RALEIGH — Caterpillar announced recently that it has chosen Athens, Ga., as the site for a new manufacturing plant. Several states were considered for the facilities, including a site in Brunswick County, N.C.
Advocates for bigger North Carolina ports say we have to beef up the Wilmington port and move forward with the new one at Southport in order to be in the running for expansions like Caterpillar’s. But corporate expansion decisions are multi-layered and often more complicated than they appear. So before we jump in over our heads and commit to hundreds of millions of dollars to improve the ports we have or build new ones, let’s look at why the company said it chose Georgia.
After the announcement, Caterpillar spokeswoman Mary Bell said that Athens was selected for several reasons: proximity to major ports, a regional base of suppliers, a proactive business climate, and workers with manufacturing experience.
Could North Carolina have done anything quickly to land the new plant? Consider the factors that swayed Caterpillar.
* Port location. The Brunswick County site is 20 miles from the port of Wilmington. Athens, Ga., is 207 miles from the Savannah, Ga., port and 234 miles from the Charleston, S.C., port. Caterpillar already has manufacturing sites in North Carolina — one in Sanford, 121 miles from the Wilmington port, and another in Winston Salem, 205 miles from the Wilmington port. Advantage: North Carolina.
* Access to deep-water ports. The Charleston port is 45 feet deep, Savannah’s is 42 feet deep, and Wilmington’s is 42 feet deep. All are considering dredging to make way for an anticipated increase in cargo traffic from larger megaships that will travel through the Panama Canal when it’s expanded by 2014. Dredging will cost taxpayers plenty: Savannah’s dredging to 48 feet would cost $551 million; Charleston’s dredging to 50 feet would cost $300 million. Dredging and other improvements to Wilmington would cost between $3.2 billion and $3.5 billion. Construction of a new port at Southport would cost $6 billion. With environmental regulations, improvements would take eight years or longer. Advantage: unclear.
* Government incentives. Caterpillar is eligible for $77.7 million in state and local incentives from Georgia. An initial incentive package offered by N.C. officials was between $70 million and $90 million. No advantage.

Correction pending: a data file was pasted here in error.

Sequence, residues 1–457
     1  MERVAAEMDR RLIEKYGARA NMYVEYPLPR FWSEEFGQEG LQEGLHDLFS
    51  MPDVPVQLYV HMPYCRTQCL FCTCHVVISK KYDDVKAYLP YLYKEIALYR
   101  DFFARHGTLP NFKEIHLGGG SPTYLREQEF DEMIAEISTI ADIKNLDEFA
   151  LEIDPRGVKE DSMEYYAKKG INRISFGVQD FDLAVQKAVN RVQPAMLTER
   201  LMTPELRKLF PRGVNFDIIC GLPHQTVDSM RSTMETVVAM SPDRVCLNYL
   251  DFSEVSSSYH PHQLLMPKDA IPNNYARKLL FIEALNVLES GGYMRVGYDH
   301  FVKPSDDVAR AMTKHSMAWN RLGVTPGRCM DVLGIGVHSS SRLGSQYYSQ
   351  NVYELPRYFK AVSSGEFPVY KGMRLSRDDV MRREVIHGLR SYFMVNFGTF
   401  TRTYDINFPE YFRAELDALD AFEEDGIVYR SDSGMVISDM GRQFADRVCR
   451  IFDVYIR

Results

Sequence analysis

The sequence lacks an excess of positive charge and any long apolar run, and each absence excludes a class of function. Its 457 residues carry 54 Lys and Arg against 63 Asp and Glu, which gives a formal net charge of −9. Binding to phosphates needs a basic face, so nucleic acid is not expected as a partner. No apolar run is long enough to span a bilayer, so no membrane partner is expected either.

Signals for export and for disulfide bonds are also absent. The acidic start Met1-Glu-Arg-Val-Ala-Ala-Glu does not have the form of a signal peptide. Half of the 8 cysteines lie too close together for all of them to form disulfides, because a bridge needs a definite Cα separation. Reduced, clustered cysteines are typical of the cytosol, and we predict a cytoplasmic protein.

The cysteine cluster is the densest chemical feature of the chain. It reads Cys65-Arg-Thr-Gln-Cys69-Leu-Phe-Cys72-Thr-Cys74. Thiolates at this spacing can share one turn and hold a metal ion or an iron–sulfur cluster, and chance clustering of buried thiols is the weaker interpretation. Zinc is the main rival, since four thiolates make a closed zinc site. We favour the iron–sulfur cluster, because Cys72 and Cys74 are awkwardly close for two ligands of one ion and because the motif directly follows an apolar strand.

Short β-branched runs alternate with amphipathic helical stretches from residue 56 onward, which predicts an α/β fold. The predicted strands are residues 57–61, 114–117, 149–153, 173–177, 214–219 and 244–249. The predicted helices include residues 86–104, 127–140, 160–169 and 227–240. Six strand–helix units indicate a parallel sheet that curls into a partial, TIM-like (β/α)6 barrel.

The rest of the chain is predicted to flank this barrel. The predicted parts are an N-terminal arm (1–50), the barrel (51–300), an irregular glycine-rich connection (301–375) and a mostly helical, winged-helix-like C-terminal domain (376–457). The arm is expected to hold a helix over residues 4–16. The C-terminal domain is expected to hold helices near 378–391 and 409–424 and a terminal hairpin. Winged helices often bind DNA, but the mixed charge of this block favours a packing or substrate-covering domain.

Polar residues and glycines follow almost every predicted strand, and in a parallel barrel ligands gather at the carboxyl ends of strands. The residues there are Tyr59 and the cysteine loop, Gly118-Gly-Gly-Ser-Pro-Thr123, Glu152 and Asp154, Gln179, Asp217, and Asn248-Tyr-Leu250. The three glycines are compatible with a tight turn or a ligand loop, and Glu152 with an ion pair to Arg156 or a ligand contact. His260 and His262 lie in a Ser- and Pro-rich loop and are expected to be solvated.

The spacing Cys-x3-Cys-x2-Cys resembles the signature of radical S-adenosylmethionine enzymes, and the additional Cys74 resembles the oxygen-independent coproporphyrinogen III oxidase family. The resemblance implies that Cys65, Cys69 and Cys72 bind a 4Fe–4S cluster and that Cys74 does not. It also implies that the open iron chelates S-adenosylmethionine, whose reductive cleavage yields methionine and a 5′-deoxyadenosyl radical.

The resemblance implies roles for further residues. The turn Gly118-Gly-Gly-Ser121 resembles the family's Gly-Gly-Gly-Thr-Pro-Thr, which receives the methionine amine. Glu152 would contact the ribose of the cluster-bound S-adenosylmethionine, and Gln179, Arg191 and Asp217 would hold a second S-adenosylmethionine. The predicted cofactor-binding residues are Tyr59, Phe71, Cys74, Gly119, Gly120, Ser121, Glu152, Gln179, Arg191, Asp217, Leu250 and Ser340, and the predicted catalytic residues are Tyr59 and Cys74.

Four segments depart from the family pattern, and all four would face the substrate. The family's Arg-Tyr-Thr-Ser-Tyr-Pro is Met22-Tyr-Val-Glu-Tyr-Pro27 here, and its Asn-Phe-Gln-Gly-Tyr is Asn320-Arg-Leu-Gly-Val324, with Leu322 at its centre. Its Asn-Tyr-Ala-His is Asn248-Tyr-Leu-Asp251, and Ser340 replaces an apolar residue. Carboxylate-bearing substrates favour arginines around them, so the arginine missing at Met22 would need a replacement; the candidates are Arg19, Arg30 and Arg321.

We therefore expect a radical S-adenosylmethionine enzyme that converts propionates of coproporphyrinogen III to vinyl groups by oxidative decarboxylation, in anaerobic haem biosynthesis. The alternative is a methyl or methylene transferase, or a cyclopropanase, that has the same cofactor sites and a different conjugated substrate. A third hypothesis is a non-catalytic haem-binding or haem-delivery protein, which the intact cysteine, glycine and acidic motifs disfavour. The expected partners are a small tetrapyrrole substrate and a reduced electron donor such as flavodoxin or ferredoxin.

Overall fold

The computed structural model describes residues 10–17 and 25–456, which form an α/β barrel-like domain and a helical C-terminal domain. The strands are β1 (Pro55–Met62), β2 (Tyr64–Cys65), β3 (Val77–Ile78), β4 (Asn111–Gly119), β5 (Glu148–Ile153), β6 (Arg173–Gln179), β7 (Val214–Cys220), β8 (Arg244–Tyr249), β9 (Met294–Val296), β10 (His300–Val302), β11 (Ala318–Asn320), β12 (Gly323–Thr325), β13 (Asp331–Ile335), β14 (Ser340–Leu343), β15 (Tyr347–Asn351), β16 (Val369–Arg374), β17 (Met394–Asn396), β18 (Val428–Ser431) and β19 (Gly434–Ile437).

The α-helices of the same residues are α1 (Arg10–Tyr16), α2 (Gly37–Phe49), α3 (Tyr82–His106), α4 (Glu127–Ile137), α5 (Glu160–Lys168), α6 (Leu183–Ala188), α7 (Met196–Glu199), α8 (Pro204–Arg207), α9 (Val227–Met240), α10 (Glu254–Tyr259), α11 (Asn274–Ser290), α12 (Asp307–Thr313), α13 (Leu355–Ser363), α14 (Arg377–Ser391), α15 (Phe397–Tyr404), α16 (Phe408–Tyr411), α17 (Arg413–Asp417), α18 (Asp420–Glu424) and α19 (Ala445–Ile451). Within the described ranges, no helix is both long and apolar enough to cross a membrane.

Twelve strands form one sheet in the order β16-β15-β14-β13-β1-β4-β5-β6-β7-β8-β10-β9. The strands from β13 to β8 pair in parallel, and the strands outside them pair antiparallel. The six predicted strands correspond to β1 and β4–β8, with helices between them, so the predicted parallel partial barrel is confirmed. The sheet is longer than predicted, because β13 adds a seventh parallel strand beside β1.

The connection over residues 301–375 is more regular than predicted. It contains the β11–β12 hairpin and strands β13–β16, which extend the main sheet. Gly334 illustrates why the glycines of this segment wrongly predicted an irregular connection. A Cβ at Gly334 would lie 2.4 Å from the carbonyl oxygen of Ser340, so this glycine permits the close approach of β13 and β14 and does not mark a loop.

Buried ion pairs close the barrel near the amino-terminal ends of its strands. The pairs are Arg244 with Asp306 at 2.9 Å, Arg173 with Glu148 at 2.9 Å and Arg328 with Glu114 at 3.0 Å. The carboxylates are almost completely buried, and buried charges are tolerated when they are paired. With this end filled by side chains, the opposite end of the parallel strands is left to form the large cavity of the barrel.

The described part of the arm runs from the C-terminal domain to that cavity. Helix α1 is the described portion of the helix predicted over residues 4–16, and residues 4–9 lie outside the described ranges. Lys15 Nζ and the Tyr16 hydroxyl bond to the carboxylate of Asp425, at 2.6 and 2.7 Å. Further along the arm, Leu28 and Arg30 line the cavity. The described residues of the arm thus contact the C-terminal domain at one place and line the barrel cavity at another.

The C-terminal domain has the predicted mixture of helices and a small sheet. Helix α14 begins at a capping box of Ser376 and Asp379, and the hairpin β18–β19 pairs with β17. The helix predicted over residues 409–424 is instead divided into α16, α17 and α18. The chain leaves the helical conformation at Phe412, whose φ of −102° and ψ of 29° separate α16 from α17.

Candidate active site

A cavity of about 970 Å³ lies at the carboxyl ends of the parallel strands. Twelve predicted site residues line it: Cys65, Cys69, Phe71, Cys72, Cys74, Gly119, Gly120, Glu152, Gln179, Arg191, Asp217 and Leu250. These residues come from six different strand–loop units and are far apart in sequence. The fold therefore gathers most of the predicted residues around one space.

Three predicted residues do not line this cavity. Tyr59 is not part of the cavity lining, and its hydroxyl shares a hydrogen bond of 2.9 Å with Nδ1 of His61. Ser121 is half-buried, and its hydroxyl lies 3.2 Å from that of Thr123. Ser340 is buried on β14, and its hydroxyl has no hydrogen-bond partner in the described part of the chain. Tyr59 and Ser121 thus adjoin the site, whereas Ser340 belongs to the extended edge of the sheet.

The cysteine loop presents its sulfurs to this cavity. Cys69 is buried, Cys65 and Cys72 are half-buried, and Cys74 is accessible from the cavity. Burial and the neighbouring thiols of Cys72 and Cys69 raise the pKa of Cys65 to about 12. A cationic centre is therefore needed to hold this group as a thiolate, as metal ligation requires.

* Business climate. According to the Tax Foundation’s State Business Tax Climate Index for fiscal year 2012, Georgia was ranked 34th nationally, North Carolina 44th. The gas tax in North Carolina is 35.3 cents per gallon; in Georgia, it’s 29.2 cents. North Carolina loses on both accounts.
* Manufacturing workers. North Carolina has been the top manufacturing state in the southeast for the last 10 years. It consistently ranks in the top 10 states for manufacturing output. 15.1 percent of N.C.’s work force is in the manufacturing sector, employing 500,000 people. Nine percent of Georgia’s workforce is in manufacturing, employing 344,800 people. Advantage: N.C.
Has Caterpillar determined that North Carolina is not a good place to do business? The company has a division headquarters in Cary and more than 1,000 full time employees in seven N.C. counties. It opened an 850,000 square foot plant in Winston-Salem in November 2011 and on Feb. 1 it announced a $33 million expansion of the Clayton facility with plans to add 200 jobs.
Apparently we’re doing something right. So why did Caterpillar decided to build a new plant in Athens, Ga.? It’s a question that doesn’t have one answer. And our reaction should not be one-dimensional.
Decisions regarding economic development policies should not be based on a reaction to one company’s decision not to choose North Carolina for location or expansion. Hundreds of companies make decisions every day where to locate new facilities or expand their operations. Sometimes they consider North Carolina and sometimes they don’t. More often than not, they choose not to come to North Carolina. And that’s OK.
Our decisions on whether to expand ports, where to focus worker training programs, or what enticement packages to offer should not be determined by one or two rejections. A better plan to attract and grow businesses is to have sensible regulations, low taxes, a skilled work force, and reliable infrastructure.
Becki Gray is vice president of outreach for the John Locke Foundation.